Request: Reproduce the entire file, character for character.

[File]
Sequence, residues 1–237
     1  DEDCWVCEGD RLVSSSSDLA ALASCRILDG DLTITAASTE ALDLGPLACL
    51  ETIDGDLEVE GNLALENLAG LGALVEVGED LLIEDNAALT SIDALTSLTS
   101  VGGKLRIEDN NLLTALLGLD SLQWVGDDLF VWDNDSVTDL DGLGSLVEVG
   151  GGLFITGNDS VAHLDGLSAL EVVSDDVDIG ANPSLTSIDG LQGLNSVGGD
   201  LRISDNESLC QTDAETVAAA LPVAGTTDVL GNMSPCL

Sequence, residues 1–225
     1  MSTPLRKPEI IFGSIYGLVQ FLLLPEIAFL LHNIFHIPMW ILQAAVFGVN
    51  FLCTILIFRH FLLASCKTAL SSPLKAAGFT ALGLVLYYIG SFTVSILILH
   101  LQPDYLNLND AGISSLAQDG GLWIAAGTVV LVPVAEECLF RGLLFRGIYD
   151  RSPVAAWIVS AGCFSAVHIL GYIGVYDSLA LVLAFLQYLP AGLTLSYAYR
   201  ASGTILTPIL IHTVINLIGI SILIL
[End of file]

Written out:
Sequence, residues 1–237
     1  DEDCWVCEGD RLVSSSSDLA ALASCRILDG DLTITAASTE ALDLGPLACL
    51  ETIDGDLEVE GNLALENLAG LGALVEVGED LLIEDNAALT SIDALTSLTS
   101  VGGKLRIEDN NLLTALLGLD SLQWVGDDLF VWDNDSVTDL DGLGSLVEVG
   151  GGLFITGNDS VAHLDGLSAL EVVSDDVDIG ANPSLTSIDG LQGLNSVGGD
   201  LRISDNESLC QTDAETVAAA LPVAGTTDVL GNMSPCL

Sequence, residues 1–225
     1  MSTPLRKPEI IFGSIYGLVQ FLLLPEIAFL LHNIFHIPMW ILQAAVFGVN
    51  FLCTILIFRH FLLASCKTAL SSPLKAAGFT ALGLVLYYIG SFTVSILILH
   101  LQPDYLNLND AGISSLAQDG GLWIAAGTVV LVPVAEECLF RGLLFRGIYD
   151  RSPVAAWIVS AGCFSAVHIL GYIGVYDSLA LVLAFLQYLP AGLTLSYAYR
   201  ASGTILTPIL IHTVINLIGI SILIL